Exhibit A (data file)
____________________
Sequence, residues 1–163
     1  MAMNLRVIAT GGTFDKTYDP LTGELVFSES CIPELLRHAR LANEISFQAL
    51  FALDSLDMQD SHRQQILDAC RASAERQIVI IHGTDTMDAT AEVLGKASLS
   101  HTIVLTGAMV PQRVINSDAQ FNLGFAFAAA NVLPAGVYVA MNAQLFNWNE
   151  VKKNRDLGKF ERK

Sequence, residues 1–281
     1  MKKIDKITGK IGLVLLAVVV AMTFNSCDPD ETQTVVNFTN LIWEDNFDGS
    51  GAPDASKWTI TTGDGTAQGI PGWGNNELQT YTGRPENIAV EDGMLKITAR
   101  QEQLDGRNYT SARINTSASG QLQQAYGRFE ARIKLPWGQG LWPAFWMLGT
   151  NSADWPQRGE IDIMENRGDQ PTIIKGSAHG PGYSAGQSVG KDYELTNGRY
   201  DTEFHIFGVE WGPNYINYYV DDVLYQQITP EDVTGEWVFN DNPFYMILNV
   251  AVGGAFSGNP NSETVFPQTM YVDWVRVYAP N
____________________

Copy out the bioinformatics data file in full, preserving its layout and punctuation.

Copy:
Sequence, residues 1–163
     1  MAMNLRVIAT GGTFDKTYDP LTGELVFSES CIPELLRHAR LANEISFQAL
    51  FALDSLDMQD SHRQQILDAC RASAERQIVI IHGTDTMDAT AEVLGKASLS
   101  HTIVLTGAMV PQRVINSDAQ FNLGFAFAAA NVLPAGVYVA MNAQLFNWNE
   151  VKKNRDLGKF ERK

Sequence, residues 1–281
     1  MKKIDKITGK IGLVLLAVVV AMTFNSCDPD ETQTVVNFTN LIWEDNFDGS
    51  GAPDASKWTI TTGDGTAQGI PGWGNNELQT YTGRPENIAV EDGMLKITAR
   101  QEQLDGRNYT SARINTSASG QLQQAYGRFE ARIKLPWGQG LWPAFWMLGT
   151  NSADWPQRGE IDIMENRGDQ PTIIKGSAHG PGYSAGQSVG KDYELTNGRY
   201  DTEFHIFGVE WGPNYINYYV DDVLYQQITP EDVTGEWVFN DNPFYMILNV
   251  AVGGAFSGNP NSETVFPQTM YVDWVRVYAP N